“Sound in Jamaica means process, community, strategy and product,” says Louis Chude-Sokei capturing the centrality of the sonic realm to Caribbean culture. Unlike the technologies of literacy that enabled Benedict Anderson’s ‘imagined communities’ sound communities function through technologies of orality and aurality. According to Chude-Sokei dub taught the world how to listen, how to ‘read’ sound, “Ghosts in the mix, duppies in the machine.”
“We have entered an epoch of shocked space and torn time. How do we write a history of fragments? How do we record a history of forgetting?” In “Monster. A Fugue in Fire and Ice” Anne McClintock attempts an imaginative stocktaking of the world as we know it today through the device of fugues which she describes as “emotional states involving amnesia, great forgettings and unburyings, where one finds oneself unexpectedly in haunted spaces that create improbable connections.”
Shocked space, torn time, fragments and forgetting are what faced the survivors of the Caribbean plantationocene as they tried to construct functioning societies out of the detritus left behind. Dub is one of the technologies of sound they created to render the hauntology of the postcolonial landscape habitable and legible, to animate its fugues, to aestheticize its ruptures, to convert its breaks to hypnotic beats and echoing wells and healing pools of resonant silence.
“Madman’s Rant” by Christopher Cozier, a collaborative work undertaken with singer David Rudder in 1997, is the closest I’ve seen to a 2D visual dub with its shattered, splintered yet rhythmic vision of life in Trinidad. A multi-paneled artwork, ‘Rant’ has been described as “sprawling, graphic, and schizophrenic, crackling with motion and tension, and punctuated by graffiti and unsettling visual allegories.” More on this intriguing work can be found in this Repeating Islands article reporting on a 2018 conversation between Rudder and Cozier revisiting the work.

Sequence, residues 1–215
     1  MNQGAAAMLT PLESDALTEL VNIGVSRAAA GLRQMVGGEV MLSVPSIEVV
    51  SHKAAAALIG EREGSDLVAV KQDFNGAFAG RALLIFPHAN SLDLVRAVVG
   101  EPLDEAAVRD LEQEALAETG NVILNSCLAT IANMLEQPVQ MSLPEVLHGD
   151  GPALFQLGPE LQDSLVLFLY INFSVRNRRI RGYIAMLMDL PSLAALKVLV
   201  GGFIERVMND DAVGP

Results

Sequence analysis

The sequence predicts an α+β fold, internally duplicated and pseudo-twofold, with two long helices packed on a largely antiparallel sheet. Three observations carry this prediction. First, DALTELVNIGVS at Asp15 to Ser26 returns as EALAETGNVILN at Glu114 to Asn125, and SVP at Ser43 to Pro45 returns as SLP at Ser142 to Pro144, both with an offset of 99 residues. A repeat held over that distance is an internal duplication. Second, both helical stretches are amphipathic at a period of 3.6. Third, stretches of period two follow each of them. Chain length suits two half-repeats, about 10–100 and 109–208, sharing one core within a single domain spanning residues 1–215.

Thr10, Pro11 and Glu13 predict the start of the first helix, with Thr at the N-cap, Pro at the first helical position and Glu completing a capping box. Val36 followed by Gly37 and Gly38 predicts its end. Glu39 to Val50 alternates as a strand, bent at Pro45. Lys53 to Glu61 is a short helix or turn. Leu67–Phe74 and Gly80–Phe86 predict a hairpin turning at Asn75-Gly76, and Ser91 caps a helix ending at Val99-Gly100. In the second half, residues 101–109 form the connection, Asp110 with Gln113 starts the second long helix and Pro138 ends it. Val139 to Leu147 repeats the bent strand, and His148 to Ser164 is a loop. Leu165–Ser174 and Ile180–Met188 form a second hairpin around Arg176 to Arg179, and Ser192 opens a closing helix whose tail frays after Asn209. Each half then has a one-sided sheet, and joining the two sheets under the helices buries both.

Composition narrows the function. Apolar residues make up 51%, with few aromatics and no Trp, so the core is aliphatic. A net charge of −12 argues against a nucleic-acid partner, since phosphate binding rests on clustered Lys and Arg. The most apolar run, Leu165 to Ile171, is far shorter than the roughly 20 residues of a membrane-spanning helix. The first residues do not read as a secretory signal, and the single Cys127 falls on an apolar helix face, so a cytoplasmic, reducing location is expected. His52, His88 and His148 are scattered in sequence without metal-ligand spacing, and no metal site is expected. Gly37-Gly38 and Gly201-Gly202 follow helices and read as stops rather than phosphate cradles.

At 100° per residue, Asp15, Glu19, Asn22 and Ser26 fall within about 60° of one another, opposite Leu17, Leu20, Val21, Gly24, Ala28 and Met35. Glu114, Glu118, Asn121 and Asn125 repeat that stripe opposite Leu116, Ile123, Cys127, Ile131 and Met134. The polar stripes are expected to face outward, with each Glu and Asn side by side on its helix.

The works cited above would be stimulating accompaniments to this sixth issue of PREE. For their help in reviewing the writing in this issue I would like to thank Ingrid Persaud, Marlon James, Kei Miller, Richard Georges, Natalie Reinhart, Jeanette Awai and Lue Boileau in addition to our usual editorial team.
Finally, thanks to all the cool writers who decided to flex their writing muscles in the Rub-a-dub issue. Their contributions have made this one of the strongest issues yet.
Image credit: Hut at Bathsheba by Corrie Scott.